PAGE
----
Push for more programs, membership underway at New London senior center
New London — The city is hoping to spark new life into the city’s senior citizens center with a push for new members and better diversification.
The effort is being led by Jeanne Milstein, the city’s one-woman human services department who took over direct oversight of the senior center from the recreation department after she was hired earlier this year.
One of the first steps was creation of a policies and procedures manual.
The document approved by the City Council on Monday outlines a host of senior services, creates a series of committees aimed at jump-starting participation and provides a code of ethics, a challenging-behavior policy and conflict resolution procedures.
Senior Center Coordinator Marina Vracevic helped to compile the new set of policies that incorporates ideas from seniors who frequent the center.
City Councilor Anthony Nolan, chairman of the Public Welfare Committee, said changes to address conflict were needed because clashes between individuals has led to squabbling and even complaints of racism.
Milstein said she took the concerns about race issues, or perceived race issues, seriously.
One of the first things she did was partner with Centro de la Comunidad in an effort to address issues raised about a lack of programs focused on the Latino population.
The two entities partnered for a “Summer Fiesta" at the senior Center on June 24. On Thursday, the senior center will welcome Bill Rivera, the former director of Centro de la Comunidad in a workshop on diversity, mutual respect and multiculturalism.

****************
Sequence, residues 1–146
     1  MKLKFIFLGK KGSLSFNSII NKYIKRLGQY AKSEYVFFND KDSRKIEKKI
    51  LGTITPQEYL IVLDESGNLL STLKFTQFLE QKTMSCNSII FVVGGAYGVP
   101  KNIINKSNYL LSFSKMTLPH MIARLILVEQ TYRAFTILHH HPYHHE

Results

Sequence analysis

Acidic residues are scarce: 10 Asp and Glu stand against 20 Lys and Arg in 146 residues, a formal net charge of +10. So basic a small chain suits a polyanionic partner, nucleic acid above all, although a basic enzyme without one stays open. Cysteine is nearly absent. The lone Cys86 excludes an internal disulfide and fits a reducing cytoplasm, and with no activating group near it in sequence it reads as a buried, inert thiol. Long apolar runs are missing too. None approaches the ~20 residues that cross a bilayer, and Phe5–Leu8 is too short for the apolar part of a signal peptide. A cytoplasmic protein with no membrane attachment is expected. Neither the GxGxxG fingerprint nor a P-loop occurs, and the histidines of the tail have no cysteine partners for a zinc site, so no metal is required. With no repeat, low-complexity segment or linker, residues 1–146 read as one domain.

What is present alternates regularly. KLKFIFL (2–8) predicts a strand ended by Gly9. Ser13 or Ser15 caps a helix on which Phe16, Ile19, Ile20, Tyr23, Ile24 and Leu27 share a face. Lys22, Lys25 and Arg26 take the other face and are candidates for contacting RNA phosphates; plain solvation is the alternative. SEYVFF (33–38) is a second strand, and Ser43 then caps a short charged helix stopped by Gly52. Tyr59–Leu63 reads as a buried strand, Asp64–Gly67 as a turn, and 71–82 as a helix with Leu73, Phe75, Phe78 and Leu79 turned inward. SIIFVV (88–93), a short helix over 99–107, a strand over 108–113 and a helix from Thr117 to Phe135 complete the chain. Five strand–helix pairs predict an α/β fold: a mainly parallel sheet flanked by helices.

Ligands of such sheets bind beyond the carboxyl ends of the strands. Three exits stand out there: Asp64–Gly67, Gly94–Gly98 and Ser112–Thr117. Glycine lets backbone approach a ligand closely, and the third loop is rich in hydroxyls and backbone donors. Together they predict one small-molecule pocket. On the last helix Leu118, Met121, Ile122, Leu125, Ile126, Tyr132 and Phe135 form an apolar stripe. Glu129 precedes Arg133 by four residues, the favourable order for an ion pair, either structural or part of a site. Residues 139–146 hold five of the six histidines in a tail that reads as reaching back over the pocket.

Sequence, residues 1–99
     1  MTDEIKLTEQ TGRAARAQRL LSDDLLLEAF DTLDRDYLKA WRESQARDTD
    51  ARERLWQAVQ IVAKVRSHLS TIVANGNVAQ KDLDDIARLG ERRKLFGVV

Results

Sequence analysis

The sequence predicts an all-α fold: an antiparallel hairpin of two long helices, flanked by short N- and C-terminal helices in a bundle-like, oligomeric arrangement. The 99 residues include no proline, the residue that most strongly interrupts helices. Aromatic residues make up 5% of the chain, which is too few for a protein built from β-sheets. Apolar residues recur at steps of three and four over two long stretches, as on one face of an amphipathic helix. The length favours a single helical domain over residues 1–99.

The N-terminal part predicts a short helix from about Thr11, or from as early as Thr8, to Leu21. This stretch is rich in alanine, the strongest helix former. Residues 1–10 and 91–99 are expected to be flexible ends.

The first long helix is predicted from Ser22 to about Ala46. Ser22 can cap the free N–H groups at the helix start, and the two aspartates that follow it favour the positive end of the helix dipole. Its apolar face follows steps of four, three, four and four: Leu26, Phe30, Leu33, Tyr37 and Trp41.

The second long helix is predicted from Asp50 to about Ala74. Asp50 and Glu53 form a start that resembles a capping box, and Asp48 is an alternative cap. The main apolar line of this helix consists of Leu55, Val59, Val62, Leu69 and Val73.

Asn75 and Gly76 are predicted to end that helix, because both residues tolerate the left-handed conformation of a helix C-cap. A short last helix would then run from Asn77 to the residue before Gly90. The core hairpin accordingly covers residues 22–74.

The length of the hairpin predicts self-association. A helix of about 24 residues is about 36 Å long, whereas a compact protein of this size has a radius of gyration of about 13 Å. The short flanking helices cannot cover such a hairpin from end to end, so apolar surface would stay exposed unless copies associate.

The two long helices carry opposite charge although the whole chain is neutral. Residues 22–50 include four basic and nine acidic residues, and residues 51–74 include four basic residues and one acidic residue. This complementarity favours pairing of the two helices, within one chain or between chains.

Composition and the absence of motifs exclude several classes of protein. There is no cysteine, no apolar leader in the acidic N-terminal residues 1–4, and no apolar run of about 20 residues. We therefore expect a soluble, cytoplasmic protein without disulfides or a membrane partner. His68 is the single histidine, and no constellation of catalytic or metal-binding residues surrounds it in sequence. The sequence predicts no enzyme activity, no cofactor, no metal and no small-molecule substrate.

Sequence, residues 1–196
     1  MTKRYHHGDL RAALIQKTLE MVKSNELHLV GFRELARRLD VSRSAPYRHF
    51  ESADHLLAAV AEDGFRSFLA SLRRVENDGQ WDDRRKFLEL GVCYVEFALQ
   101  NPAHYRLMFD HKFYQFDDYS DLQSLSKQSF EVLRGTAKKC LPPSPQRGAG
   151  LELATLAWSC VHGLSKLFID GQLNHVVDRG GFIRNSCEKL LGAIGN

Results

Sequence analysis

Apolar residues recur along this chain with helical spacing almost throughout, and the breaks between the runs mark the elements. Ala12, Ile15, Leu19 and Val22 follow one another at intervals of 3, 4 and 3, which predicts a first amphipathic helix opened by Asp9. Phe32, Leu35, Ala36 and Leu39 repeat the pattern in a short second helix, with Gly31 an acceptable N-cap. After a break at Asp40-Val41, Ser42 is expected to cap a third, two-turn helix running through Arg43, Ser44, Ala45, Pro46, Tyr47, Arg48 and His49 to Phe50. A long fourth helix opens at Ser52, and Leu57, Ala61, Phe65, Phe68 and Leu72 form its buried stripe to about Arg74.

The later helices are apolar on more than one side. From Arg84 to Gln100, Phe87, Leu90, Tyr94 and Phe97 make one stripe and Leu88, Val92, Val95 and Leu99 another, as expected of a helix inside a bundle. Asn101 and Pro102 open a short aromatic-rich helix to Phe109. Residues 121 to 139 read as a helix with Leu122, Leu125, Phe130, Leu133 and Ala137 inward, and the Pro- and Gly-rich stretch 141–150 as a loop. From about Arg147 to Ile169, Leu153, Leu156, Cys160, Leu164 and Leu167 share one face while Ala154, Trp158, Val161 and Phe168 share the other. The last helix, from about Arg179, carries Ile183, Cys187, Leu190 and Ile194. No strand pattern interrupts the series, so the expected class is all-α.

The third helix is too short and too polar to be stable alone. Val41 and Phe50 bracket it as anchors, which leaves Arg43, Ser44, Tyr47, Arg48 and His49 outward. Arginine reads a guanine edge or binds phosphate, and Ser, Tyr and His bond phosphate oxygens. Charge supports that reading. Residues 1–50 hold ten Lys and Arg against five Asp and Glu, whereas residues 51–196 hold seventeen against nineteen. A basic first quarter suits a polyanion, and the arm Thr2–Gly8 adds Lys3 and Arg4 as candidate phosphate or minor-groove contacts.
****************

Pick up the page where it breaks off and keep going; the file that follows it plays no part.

The changes have not gone over well with some, including Senior Affairs Commission Chairwoman Karen Paul, who is also an active volunteer at the senior center.
Paul said her major complaint is that she and other officers have not been privy to all of the proposed changes.
She also is upset about the cancelation of Bingo on Thursday for the diversification workshop.
She brushed off the claims of racism, however, and said the complaints have come from a small minority, “one or two people who play the race card every time they don’t get their way.”
Hugo Paredes begs to differ.
He said racism still exists among members of the senior center and he is pushing for better Latino representation in senior center staff.
He said that certain people, such as Paul, have had control of most aspects of the center.
With the city’s population nearing 40 percent Latino, Paredes said, “we feel we’re being left out.” He said most of his suggestions have fallen on deaf ears.
Nolan admits that in the past, “there has been a lack of opportunities for people of different ethnicities.”
But he said some of the ongoing arguments between individuals is one of the reasons he has considered proposing the dissolution of the Senior Affairs Commission. It’s a group that is supposed to be separate from the senior center but has in the past directed programming there.
Nolan plans to introduce an ethics training workshop before proposing the dissolution.
Milstein said there will remain a concerted effort to diversify along with a renewed outreach effort.
“We will go anywhere, anytime, to discuss ideas for the senior center,” she said.
Of the thousands of seniors in the city, she said, there are only 50 to 75 people who visit the senior center on any given day.
“We have a lot more to do but we’re very excited about the way things are going,” Milstein said.